As part of a research study called P5 Project YXE, researchers in the University of Saskatchewan’s (USask) School of Public Health are talking to people in Saskatoon who have experience with problematic substance use, to hear their ideas on what changes to programs and policies could help improve addiction care locally and provincially.
Adjunct faculty member Dr. Barb Fornssler (PhD) and her team are interviewing 20 white collar workers, 20 blue collar workers, and 20 “no collar” or underemployed individuals who have experienced a disruption in their relationships or employment as a result of substance use. They want to learn how people in different economic groups access addiction services—or whether people avoid seeking support because of stigma or fears over losing their job.
Fornssler said the research literature as well as local service providers they talked to in an earlier project (Consolidating perspectives on the nature of Saskatoon’s evolving opioid crisis) highlight the need to speak directly with people who use substances, to ensure their experience informs decisions.
“We have this old habit of having people who are not impacted by the policies they’re making sitting around the policy table,” said Fornssler.
Staff at Prairie Harm Reduction (PHR) in Saskatoon, the province’s only safe consumption site, are encouraging their clients to participate in the study and providing a computer and quiet space for people to speak with researchers. Jason Mercredi, executive director of PHR, said his clients often want to make their stories heard and have the public to know what’s going on.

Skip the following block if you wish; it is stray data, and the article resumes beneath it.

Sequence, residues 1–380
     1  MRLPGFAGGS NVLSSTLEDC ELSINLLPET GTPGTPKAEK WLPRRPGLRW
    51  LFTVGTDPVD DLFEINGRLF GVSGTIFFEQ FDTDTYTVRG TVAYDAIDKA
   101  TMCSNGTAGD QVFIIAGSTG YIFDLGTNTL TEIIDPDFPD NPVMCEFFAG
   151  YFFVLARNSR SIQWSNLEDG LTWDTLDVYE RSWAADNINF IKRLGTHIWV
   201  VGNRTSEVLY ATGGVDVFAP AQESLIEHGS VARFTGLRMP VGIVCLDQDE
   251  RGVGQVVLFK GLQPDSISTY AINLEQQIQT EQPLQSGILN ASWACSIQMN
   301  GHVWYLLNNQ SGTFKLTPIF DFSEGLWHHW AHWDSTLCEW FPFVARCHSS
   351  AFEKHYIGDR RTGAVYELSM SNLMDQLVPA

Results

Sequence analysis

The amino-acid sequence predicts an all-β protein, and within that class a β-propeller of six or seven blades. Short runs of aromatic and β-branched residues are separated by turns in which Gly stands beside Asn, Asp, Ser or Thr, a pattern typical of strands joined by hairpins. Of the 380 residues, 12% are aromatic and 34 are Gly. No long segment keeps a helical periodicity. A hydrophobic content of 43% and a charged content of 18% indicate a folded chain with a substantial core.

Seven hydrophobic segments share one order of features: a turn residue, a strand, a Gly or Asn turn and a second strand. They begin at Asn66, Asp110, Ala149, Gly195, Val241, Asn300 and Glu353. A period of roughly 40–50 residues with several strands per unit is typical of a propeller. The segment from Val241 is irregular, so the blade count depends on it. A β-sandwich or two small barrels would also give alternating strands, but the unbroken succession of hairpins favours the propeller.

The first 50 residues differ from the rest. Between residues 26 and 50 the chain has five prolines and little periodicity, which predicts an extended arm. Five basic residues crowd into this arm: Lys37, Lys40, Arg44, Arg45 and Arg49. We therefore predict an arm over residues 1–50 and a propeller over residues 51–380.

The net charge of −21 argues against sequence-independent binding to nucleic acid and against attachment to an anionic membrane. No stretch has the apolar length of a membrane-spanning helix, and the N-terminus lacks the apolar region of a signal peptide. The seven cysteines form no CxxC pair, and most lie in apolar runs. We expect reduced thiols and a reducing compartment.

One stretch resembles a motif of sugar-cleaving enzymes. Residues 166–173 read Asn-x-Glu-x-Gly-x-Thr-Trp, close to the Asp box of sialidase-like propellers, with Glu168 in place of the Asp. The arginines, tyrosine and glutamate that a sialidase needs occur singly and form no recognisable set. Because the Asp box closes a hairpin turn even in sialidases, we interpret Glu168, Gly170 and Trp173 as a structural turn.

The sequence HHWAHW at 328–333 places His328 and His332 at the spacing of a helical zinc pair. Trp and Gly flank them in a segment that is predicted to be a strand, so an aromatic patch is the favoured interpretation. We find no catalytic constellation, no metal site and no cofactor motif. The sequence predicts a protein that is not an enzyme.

“One thing I like about Saskatchewan is we're big on pragmatism and pragmatic approaches,” said Mercredi. “In order for us to have that, we need to have the voices of people with lived experiences at the forefront.”
Current policies about addiction services—what Fornssler calls legacy policies-are not grounded in current evidence and thus not meeting the needs of individuals who use substances. She said that while there’s been similar research done in other Canadian cities—including Vancouver, Montreal, and Toronto—Saskatchewan has its own unique geography, political context, and culture, so we can’t simply plug and play solutions that have worked elsewhere.
Fornssler—a self-described “pie in the sky thinker”—hopes the project leads to a change in perceptions around substance use.
“These are our friends and family,” she said. “They are doctors and lawyers, these are all folks we meet on a day-to-day basis...and many of them are struggling with substance use in some form. That’s not a shameful thing. That is a very common thing.”